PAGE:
IMC 2019: Sessions

Session 1313: New Perspectives on Late Medieval Heresy, II

Wednesday 3 July 2019, 16.30-18.00

Sponsor:Medieval Heresy & Dissent Research Network, University of Nottingham
Organisers:Michael Bailey, Department of History, Iowa State University, Ames
Justine Trombley, Pontifical Institute of Mediaeval Studies, University of Toronto, Downtown
Moderator/Chair:Michael Bailey, Department of History, Iowa State University, Ames
Paper 1313-aHeresy as Pretext: Elite Identity, Urban Competition, and the Inquisition in Rothenburg ob der Tauber, 1394-1395
(Language: English)
Eugene Smelyansky, Department of History, Washington State University
Eugene Smelyansky, Department of History, Washington State University
Eugene Smelyansky, Department of History, Washington State University
Index terms: Ecclesiastical History, Religious Life
Paper 1313-bAnti-Waldensian Treatises of the 1390s and Their Authorship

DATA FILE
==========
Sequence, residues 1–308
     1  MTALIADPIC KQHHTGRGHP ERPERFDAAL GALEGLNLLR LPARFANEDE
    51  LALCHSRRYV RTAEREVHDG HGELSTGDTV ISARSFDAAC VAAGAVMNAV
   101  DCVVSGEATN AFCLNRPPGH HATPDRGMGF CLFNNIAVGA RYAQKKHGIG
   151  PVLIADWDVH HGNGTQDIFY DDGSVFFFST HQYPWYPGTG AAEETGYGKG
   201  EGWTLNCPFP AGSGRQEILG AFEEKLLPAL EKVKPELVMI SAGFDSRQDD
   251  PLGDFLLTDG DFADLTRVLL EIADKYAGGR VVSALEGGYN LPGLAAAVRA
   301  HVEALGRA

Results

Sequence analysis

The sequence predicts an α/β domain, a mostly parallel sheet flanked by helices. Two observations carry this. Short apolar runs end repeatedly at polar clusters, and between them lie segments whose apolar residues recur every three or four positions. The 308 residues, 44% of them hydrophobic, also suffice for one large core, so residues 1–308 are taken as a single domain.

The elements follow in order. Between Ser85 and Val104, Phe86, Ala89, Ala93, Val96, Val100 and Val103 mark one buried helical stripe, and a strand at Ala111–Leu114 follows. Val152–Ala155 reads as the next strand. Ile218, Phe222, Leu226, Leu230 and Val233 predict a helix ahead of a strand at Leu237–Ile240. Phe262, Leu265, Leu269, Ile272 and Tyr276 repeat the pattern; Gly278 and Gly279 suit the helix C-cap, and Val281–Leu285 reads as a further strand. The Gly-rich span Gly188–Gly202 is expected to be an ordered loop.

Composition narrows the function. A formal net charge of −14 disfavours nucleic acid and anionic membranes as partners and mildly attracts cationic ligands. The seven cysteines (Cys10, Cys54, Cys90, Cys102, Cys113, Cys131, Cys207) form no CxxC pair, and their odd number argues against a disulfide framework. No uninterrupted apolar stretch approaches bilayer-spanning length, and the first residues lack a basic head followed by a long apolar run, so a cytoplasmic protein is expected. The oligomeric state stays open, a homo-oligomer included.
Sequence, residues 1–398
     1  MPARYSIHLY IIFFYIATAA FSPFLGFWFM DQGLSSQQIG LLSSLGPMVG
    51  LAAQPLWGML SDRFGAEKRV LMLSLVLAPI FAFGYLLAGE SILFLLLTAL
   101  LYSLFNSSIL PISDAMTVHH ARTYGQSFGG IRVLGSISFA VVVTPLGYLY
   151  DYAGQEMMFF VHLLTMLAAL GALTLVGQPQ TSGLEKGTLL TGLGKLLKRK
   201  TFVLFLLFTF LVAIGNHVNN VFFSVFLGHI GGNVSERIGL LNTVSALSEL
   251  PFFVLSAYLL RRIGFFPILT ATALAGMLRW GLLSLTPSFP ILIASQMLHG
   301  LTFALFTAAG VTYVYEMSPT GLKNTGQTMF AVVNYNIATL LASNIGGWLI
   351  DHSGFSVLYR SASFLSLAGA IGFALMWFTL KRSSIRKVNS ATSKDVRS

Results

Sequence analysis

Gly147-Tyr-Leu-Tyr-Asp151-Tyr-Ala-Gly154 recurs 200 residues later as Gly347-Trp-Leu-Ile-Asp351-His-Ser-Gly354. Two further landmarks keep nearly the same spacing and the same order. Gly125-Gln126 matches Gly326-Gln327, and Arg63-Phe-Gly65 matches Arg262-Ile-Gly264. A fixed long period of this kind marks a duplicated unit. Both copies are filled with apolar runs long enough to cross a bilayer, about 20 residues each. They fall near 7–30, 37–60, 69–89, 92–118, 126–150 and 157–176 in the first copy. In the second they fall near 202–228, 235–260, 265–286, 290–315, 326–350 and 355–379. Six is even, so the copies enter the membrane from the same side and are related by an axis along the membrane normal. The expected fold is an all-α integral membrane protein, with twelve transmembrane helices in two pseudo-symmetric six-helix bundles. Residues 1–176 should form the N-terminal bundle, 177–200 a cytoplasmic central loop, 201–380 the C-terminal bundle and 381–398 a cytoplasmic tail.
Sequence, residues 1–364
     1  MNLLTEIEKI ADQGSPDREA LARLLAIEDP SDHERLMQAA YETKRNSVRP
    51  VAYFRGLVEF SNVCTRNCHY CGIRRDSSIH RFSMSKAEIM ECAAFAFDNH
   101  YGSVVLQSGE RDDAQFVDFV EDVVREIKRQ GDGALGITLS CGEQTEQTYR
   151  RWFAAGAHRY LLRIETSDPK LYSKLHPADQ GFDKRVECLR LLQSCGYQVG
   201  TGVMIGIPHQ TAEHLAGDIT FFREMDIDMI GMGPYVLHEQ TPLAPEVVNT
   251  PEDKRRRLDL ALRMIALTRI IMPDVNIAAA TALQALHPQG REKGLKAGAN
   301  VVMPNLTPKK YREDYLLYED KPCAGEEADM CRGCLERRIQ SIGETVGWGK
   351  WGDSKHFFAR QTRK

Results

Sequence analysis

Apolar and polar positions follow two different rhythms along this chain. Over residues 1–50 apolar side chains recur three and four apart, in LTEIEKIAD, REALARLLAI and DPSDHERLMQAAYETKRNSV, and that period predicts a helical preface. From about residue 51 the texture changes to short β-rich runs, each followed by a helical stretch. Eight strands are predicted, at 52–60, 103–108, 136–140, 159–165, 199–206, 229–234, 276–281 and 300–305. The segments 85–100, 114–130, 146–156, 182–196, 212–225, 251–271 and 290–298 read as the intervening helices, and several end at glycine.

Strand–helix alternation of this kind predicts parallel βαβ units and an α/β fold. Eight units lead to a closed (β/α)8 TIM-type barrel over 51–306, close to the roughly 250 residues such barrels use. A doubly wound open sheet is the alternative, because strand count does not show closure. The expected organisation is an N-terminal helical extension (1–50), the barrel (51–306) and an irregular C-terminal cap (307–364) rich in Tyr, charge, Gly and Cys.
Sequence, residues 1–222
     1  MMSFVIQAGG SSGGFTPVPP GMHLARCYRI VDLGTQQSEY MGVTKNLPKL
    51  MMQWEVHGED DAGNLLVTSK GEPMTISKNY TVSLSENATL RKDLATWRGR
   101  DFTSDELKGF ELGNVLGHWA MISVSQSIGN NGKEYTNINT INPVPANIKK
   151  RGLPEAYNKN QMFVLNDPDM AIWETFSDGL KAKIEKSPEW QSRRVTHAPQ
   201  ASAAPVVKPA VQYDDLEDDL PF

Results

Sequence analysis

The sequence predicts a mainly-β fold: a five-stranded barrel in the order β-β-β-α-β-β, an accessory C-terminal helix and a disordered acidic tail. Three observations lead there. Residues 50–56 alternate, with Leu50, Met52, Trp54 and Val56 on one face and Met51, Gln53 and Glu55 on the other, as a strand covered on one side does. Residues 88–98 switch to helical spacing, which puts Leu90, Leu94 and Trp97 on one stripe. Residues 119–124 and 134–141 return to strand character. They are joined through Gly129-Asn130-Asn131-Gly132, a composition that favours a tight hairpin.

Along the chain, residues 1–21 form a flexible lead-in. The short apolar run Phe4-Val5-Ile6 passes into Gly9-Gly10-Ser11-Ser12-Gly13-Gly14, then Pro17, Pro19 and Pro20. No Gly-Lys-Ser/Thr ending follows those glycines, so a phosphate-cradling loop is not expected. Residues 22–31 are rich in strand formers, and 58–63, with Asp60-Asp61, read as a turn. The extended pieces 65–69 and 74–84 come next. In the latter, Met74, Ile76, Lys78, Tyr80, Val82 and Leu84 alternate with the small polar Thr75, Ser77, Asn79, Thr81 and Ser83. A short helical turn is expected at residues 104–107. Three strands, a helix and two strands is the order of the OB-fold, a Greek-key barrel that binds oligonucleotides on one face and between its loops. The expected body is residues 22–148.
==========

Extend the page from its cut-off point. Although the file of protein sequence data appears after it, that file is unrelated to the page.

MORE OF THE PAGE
(Language: English)
Reima Välimäki, Department of Cultural History / Turku Centre for Medieval & Early Modern Studies, University of Turku
Reima Välimäki, Department of Cultural History / Turku Centre for Medieval & Early Modern Studies, University of Turku
Reima Välimäki, Department of Cultural History / Turku Centre for Medieval & Early Modern Studies, University of Turku
Index terms: Ecclesiastical History, Religious Life
Paper 1313-cThe Technology of Producing and Keeping Records of Heresy Trials in 15th-Century Poland
(Language: English)
Paweł Kras, Instytut Historii, Katolicki Uniwersytet Lubelski Jana Pawła II
Paweł Kras, Instytut Historii, Katolicki Uniwersytet Lubelski Jana Pawła II
Paweł Kras, Instytut Historii, Katolicki Uniwersytet Lubelski Jana Pawła II
Index terms: Ecclesiastical History, Manuscripts and Palaeography, Religious Life
Abstract

The late medieval period presents a dynamic array of heterodox movements, dissident modes of thought, and ecclesiastical responses. Yet recent debates about the nature of heresy in the twelfth and thirteenth centuries have given the impression that the period after 1300 was merely an epilogue to the high medieval story, or a prologue to the Reformation. These sessions examine the history of heresy from 1300-1500 on its own terms, examining its political, intellectual, and religious contexts, and offering fresh insights into heresy and heretics in late medieval Europe.